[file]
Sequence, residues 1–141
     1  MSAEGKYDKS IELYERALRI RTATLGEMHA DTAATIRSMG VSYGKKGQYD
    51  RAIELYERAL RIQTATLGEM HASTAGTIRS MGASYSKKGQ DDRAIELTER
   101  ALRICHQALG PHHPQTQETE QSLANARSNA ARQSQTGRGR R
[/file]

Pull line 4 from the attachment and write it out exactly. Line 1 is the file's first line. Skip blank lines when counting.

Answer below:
   101  ALRICHQALG PHHPQTQETE QSLANARSNA ARQSQTGRGR R